Should you want to take more time to enjoy all the park has to offer, or even use it as a base to explore other nearby areas such as Bannau Brycheiniog, the park offers accommodation in the form of caravan and camping pitches.
The Athens of Wales was so-called due to the cultural revolution that happened in the town, all based on the number of printing presses, theatre groups, and films being made in the town in its heyday. The town was also the home of the Welsh language newspaper press in Wales. Here's where you can experience a taste of Aberdare's boom years, as well as current cultural attractions.
The Coliseum Theatre (Theatr y Colisëwm)
Fronted with art deco architecture and located a stone's throw away from Aberdare Park in the heart of Trecynon, the Coliseum Theatre offers a varied programme of drama, dance, comedy, and music from both national and local artists. Opened in 1938, the theatre also doubles up as a cinema on specific nights for those who want to indulge in a night of the silver screen.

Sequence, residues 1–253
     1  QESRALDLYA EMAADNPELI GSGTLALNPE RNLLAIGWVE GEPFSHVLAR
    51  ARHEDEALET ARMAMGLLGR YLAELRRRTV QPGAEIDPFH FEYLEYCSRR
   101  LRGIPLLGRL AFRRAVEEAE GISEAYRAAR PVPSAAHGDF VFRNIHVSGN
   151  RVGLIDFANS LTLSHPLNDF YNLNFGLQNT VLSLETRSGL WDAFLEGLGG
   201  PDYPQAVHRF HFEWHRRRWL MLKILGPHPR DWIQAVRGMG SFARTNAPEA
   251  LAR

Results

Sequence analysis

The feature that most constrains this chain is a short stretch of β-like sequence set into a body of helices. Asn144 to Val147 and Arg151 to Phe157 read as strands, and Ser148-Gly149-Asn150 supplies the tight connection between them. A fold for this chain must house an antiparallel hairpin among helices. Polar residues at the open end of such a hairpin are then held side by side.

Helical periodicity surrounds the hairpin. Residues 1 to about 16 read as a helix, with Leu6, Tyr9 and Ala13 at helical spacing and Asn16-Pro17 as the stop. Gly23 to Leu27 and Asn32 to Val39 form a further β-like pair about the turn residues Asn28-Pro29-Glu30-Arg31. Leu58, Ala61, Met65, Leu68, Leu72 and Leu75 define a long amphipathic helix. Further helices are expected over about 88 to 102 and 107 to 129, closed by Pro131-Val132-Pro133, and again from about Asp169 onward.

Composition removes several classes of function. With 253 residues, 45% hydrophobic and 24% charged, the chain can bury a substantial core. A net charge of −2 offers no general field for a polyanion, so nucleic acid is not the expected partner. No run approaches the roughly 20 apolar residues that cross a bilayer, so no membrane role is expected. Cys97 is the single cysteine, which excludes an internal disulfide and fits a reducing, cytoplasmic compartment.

Cynon Valley Museum (Amgueddfa Cwm Cynon)
Forged under the shadow of the former Gadlys Ironworks, the Cynon Valley Museum is a community-run enterprise that presents visitors with an fascinating look at the Cynon Valley's past, as well as showcasing the best of the local arts. You'll get a real sense of the local area as well as snapshot of industrial south Wales.
Displays include everything from huge advertisement banner for the first National Eisteddfod to WWII air raid shelters. You'll find historical artefacts, sporting paraphernalia, full recreations of scenes from Aberdare's past, as well as two art galleries, the Oriel and Mezzanine. The galleries curate dynamic art exhibitions for local and national artists.
The museum also hosts a lively calendar of events, and has a museum shop selling local and national produce and products.
Land of Song (Gwlad y Gân)